Wednesday, May 17, 2006


Standing room only on the Bastia-Ajaccio express

There has been quite a lot of discussion recently on various travel forums regarding the train services in Corsica. Yes, the journey between Ponte Leccia and Ajaccio is probably the train journey with the best scenery in Europe…. But there was one time when, for me, it turned into a bit of a nightmare.

We boarded the two small carriages that formed the Bastia-Ajaccio express in mid morning at Ponte Leccia. It was a little late, and some people failed to get a seat, but all went fairly smoothly until Vizzavona. This is where the train line intersects the GR20 trail and there were three or four heavily laden hikers who wanted to get on there. So heavily laden, in fact that our driver wouldn’t let them do so and they were made to wait for the next one. Disappointment was etched in their faces; angry words were uttered. So on we went without them.

After a pleasant day in Corsica’s capital, we headed for the last train back and waited with a large crowd of other folk for the train to arrive. I remember wondering how they were all going to get on – there seemed to be more waiting to go back up towards Bastia than there were on the train on the way down. Imagine my horror then, when the train that rolled into Ajaccio Station consisted of a single carriage.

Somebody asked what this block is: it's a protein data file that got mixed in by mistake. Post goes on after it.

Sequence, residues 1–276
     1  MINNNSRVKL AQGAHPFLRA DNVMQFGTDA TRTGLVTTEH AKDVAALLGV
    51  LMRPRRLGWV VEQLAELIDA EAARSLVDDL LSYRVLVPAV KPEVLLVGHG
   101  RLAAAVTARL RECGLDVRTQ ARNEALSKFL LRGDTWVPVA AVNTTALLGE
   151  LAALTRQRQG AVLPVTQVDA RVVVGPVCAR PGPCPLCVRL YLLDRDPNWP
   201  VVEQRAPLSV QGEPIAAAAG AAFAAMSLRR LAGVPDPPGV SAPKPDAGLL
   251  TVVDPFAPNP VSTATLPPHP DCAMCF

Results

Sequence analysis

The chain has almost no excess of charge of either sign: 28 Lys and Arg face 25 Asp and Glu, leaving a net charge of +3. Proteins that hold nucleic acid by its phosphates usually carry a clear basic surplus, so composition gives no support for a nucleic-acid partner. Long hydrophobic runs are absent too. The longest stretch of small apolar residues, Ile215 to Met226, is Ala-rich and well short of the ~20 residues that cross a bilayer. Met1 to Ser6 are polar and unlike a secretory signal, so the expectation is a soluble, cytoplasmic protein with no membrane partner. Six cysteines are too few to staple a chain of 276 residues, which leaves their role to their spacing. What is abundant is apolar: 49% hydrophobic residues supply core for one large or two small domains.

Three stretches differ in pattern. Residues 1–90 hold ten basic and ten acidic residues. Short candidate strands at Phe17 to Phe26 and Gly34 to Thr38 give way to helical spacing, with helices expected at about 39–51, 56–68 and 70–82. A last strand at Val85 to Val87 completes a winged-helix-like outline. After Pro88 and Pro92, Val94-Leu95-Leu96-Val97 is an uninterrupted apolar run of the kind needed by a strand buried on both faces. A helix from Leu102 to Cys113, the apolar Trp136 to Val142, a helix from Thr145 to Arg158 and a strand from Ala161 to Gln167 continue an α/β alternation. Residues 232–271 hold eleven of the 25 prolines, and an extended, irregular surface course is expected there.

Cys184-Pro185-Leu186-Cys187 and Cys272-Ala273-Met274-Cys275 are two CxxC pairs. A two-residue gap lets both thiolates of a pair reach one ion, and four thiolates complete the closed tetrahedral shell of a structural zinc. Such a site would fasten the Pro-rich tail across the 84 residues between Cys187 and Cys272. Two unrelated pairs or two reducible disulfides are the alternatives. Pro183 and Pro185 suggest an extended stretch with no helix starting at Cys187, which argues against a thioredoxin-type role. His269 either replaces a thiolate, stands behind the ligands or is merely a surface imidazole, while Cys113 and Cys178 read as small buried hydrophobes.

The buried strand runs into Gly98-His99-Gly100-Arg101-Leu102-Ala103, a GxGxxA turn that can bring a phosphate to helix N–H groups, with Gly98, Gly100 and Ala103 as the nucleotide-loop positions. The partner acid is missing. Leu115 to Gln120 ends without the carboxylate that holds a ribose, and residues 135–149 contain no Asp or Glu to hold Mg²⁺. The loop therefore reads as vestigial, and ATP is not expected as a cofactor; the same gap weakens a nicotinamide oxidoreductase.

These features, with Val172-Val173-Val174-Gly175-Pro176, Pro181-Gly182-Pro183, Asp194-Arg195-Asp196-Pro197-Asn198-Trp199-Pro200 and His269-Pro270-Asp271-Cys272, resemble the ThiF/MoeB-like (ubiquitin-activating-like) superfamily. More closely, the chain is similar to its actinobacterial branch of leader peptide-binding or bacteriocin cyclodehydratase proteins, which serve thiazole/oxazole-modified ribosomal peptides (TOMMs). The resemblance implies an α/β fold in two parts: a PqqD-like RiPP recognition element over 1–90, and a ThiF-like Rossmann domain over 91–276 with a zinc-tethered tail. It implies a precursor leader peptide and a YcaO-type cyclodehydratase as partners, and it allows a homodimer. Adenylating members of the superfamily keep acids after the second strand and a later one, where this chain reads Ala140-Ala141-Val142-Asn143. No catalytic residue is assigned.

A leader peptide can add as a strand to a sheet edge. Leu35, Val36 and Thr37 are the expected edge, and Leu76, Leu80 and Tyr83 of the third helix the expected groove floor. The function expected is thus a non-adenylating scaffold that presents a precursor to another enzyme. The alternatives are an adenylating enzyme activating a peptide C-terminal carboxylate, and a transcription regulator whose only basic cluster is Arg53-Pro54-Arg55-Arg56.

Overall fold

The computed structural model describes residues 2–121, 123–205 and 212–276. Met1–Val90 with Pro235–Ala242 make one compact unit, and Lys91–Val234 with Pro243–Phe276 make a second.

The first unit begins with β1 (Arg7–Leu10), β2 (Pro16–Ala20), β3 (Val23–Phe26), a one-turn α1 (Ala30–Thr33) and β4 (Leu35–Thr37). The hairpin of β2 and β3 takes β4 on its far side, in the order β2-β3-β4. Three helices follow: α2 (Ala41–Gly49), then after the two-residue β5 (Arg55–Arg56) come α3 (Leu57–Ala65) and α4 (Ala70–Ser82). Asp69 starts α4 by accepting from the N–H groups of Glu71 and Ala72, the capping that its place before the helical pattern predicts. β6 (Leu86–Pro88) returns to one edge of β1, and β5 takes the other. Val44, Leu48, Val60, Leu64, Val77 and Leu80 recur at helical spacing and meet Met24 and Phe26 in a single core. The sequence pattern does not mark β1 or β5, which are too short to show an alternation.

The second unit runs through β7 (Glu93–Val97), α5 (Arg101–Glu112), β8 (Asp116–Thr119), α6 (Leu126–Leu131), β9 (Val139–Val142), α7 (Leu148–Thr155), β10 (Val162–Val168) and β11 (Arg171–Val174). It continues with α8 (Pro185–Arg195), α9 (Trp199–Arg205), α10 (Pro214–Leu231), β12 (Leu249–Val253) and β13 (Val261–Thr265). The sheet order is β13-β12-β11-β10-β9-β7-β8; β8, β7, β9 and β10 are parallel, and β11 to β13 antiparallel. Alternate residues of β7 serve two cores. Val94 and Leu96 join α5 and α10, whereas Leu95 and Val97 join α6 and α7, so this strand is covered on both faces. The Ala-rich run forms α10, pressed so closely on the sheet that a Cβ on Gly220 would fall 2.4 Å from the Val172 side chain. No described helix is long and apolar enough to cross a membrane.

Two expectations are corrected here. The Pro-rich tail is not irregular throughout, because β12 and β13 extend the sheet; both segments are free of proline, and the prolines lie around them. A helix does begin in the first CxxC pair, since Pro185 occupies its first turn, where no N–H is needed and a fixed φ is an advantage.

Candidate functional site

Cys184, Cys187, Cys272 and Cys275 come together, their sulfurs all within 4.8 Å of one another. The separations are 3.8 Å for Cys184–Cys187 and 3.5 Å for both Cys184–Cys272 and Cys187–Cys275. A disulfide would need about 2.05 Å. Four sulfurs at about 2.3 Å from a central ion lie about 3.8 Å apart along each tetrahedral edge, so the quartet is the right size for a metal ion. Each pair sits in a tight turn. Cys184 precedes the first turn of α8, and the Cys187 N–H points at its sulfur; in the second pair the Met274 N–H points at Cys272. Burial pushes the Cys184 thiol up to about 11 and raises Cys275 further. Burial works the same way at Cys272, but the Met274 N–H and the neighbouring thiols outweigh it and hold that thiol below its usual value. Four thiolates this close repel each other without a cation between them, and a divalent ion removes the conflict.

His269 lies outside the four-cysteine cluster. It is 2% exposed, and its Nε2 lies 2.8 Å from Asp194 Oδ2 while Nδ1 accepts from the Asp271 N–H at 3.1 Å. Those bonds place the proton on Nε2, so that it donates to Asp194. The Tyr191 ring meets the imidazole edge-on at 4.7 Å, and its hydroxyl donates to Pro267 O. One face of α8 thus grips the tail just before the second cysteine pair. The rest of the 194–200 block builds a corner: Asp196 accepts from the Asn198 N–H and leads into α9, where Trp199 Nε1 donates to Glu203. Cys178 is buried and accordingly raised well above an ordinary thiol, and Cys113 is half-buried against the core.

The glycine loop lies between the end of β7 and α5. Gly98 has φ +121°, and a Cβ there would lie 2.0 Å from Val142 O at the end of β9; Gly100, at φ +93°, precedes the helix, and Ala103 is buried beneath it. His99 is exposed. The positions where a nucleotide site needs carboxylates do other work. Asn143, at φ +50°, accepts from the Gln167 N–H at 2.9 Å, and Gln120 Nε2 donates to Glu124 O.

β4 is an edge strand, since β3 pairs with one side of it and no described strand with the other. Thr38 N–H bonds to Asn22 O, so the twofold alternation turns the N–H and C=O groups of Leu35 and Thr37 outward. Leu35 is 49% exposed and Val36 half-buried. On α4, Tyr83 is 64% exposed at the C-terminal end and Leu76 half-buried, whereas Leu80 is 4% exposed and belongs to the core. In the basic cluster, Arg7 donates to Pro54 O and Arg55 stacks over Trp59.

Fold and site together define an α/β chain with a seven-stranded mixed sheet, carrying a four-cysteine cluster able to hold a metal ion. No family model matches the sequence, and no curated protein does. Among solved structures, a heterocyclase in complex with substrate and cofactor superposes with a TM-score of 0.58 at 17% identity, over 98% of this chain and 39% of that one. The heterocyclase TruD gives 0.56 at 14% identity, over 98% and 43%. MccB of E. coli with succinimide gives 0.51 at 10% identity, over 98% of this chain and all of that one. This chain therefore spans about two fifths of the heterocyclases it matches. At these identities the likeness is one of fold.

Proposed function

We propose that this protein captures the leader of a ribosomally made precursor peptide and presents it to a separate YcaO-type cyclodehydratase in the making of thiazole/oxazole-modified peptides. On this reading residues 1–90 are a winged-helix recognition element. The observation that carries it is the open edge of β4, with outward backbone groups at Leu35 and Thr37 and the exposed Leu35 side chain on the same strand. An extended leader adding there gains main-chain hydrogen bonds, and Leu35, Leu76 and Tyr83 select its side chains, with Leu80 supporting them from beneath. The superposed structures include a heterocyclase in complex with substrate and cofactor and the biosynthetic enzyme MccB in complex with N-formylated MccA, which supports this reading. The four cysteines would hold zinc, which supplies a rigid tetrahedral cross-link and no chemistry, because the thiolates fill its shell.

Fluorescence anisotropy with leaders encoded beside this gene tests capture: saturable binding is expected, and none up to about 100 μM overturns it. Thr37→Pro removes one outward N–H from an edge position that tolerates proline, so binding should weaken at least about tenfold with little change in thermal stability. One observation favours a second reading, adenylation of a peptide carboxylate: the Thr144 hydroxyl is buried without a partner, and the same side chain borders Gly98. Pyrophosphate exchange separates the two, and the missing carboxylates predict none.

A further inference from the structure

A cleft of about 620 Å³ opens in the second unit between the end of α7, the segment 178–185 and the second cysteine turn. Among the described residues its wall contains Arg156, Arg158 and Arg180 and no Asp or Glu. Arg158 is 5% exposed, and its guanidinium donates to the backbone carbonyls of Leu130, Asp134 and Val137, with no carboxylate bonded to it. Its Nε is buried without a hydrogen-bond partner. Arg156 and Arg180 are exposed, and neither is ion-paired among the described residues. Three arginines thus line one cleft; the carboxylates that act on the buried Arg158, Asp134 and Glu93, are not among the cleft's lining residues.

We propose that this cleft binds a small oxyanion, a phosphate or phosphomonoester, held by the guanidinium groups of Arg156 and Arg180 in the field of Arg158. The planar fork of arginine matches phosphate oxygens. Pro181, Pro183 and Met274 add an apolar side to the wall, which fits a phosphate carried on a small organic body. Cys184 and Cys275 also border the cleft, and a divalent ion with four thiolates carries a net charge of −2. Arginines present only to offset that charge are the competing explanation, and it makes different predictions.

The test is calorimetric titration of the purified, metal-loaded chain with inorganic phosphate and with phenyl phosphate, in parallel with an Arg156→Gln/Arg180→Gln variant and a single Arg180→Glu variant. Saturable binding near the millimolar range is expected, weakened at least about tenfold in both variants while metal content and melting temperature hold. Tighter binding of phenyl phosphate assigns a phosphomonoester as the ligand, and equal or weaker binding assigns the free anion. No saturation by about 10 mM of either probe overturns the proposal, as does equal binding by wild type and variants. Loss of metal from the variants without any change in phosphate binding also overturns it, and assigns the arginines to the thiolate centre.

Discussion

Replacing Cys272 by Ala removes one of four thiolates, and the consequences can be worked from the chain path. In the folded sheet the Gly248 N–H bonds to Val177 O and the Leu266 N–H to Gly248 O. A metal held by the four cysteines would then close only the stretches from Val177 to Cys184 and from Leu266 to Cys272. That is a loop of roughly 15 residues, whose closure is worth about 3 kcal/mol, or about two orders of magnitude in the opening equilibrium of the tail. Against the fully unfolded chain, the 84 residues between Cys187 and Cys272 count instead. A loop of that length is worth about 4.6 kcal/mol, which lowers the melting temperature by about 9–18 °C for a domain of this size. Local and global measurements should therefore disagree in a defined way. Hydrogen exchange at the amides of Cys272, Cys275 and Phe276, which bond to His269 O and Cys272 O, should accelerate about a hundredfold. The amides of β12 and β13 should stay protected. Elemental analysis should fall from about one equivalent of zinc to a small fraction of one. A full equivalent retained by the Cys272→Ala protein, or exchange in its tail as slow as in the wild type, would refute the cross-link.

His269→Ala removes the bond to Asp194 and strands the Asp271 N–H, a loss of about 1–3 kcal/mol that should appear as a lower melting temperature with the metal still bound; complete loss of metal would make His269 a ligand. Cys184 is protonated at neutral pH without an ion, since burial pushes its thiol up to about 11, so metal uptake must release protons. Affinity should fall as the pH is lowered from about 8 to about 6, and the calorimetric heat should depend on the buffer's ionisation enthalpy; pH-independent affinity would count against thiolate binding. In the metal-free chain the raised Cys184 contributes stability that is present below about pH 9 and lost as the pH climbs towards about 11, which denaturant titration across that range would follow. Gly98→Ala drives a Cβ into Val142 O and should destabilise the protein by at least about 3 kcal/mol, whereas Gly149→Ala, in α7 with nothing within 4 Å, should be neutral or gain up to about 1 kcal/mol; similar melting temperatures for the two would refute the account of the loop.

Yes, we all got on. I’m sure there were over 100 of us. How the little engine got us all up the big inclines I have no idea. My friend, who stood all the way, actually sustained a stress fracture in his foot from standing awkwardly half on and half off a step. Some passengers got out and in again at every station just to be able to breathe in fully. By the time we got back to Ponte Leccia, we were three hours late, thanks to the slowness of the heavily laden train, the getting on and off, and the general muddle.

Some people were OK. One gentleman got to sit next to the driver, and ended up with a very pretty girl from Bastia more or less sitting on his lap – to save space of course. But the people I felt most sorry for were the man from Corte who took a large children’s wooden rocking horse on to the train… and the three or four people standing next to him with its wooden feet, ears and tail poking into various parts of their bodies.

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